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2019 Chevrolet Silverado Design Critique

December 8th, 2017

Chevrolet surprised us with a reveal of the 2019 Silverado even though we are still a couple weeks away from the North American International Auto Show and it is still only 2017. If there are any surprises with this design it is that the bowtie brand continues to gravitate back toward its milestone 1988-98 truck design. The two tiered grille remains, but the body sides appear to attempt some stylistic connection to the passenger car line within the brand. This is the new Trail Boss trim so it will be interesting to see what variations in the styling are featured among the typical myriad of trim levels.


Grille: The two-tier design returns, as expected. The texture looks an awful lot like the ’99 GMT800 design.

Daylight Opening: B-posts are appropriately blacked out. In past generations this was sometimes overlooked because the regular 2-door cab was designed first, with the quad cabs being an afterthought. The reverse is likely true now. The windowsill height is quite high, as is common in contemporary trucks, but gives a high-shouldered look compared to the Silverado’s 1988 forbear.

Wheel Openings: Curiously rounded off and much less trapezoidal than nearly every generation of Chevy truck before it, this is certainly a departure.

Badging: Front fender and grille bear the Z71 off-road trim package while the rear fenders show off a Trail Boss decal. No doubt Chevy wants customers to understand the off-road nature of this new truck.

Lighting: Triple lights at the top recall the individual elements on the ’88-89 model, likewise the amber turn signals. New is the C-shaped lighting that is bisected by the fender, not unlike the unnatural looking lights on the current Suburban and Tahoe.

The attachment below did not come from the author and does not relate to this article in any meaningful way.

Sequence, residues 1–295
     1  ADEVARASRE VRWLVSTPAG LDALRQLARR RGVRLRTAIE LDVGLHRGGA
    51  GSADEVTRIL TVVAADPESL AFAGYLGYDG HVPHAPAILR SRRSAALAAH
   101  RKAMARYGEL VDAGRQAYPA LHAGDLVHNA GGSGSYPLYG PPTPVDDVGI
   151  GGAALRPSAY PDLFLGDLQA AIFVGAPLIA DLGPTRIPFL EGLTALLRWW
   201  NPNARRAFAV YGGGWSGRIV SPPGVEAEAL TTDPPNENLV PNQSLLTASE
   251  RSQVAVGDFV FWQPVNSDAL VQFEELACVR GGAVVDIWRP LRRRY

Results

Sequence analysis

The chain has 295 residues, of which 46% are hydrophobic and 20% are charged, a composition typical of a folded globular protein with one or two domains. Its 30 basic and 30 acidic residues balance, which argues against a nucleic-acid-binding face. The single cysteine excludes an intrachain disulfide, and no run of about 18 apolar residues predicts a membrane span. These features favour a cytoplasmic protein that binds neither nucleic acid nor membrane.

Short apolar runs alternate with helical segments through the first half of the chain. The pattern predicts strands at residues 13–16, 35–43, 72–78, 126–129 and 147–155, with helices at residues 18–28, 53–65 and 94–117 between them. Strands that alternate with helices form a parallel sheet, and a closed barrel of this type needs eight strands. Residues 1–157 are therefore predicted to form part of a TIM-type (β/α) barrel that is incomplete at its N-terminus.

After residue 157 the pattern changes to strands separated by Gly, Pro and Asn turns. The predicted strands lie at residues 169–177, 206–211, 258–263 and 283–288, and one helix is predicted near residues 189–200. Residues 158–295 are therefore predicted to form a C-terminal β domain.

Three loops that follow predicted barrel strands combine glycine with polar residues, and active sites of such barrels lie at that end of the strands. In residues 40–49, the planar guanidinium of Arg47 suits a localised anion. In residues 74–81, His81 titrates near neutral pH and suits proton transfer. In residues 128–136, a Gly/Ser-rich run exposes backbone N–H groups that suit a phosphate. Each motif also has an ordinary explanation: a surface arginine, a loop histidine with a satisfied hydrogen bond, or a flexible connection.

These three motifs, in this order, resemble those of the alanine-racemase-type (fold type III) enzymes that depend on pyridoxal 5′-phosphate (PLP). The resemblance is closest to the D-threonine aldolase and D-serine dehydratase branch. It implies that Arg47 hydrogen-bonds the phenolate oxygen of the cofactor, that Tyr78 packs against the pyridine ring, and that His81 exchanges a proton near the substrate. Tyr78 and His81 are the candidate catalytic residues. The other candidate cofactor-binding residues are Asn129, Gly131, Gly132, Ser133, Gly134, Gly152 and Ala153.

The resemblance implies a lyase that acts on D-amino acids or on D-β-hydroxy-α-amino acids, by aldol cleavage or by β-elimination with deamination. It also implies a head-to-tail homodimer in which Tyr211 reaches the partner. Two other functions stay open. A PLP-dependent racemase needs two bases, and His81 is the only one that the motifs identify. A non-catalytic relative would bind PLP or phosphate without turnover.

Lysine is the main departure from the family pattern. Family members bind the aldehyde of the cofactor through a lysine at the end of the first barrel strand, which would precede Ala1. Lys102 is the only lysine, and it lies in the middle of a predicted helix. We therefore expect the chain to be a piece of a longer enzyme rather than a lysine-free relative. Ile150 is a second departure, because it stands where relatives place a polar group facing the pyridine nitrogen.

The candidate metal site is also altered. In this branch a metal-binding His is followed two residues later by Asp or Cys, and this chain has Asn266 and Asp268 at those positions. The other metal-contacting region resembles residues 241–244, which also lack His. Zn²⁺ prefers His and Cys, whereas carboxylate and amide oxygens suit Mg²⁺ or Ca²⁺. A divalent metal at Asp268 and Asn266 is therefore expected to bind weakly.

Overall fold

Front Bumper: Gloss black is no doubt part of the Trail Boss package. It tucks under the front fenders, a curious design feature, but nonetheless looks coherent.

Exhaust Tips: Tuck neatly and squarely into the rear bumper, a common trend amongst full size trucks that differs from the days of yore when the exhaust pipes were undecorated and unceremoniously made a 90 degree turn towards the curb several inches in front of the bumper.

Rear Bumper: Three convenient and simple steps, originated on the GMT800 Avalanche, are now commonplace on GM trucks.

Tailgate: The Bow Tie logo is nowhere to be seen, replaced by the return of CHEVROLET lettering across the tailgate. Fun fact: the new for 1954 tailgate stamping was used across multiple generations of step-side Chevy trucks all the way through the end of the 1987 model year. Also note this truck has Chevrolet, Silverado, and LT on the tailgate, with Z71 and Trail Boss on the fender. This is one truck that is heavy on nomenclature.

Cab: This lip is likely aero-friendly and mimics the lip on the tailgate.

Side Mirror: The mirror is mounted directly to the door, rather than nestled into this triangular shape at the base of the A-pillar.

Fender: This fender sculpt is becoming somewhat of a Chevy styling signature. Note the variations on the theme shared with the Volt, Cruze, Bolt EV, Spark, Trax, and Equinox. A curious thing to do, as it will be hard to update or keep the various models current with each other compared to, say, a common grille or tail light treatment.

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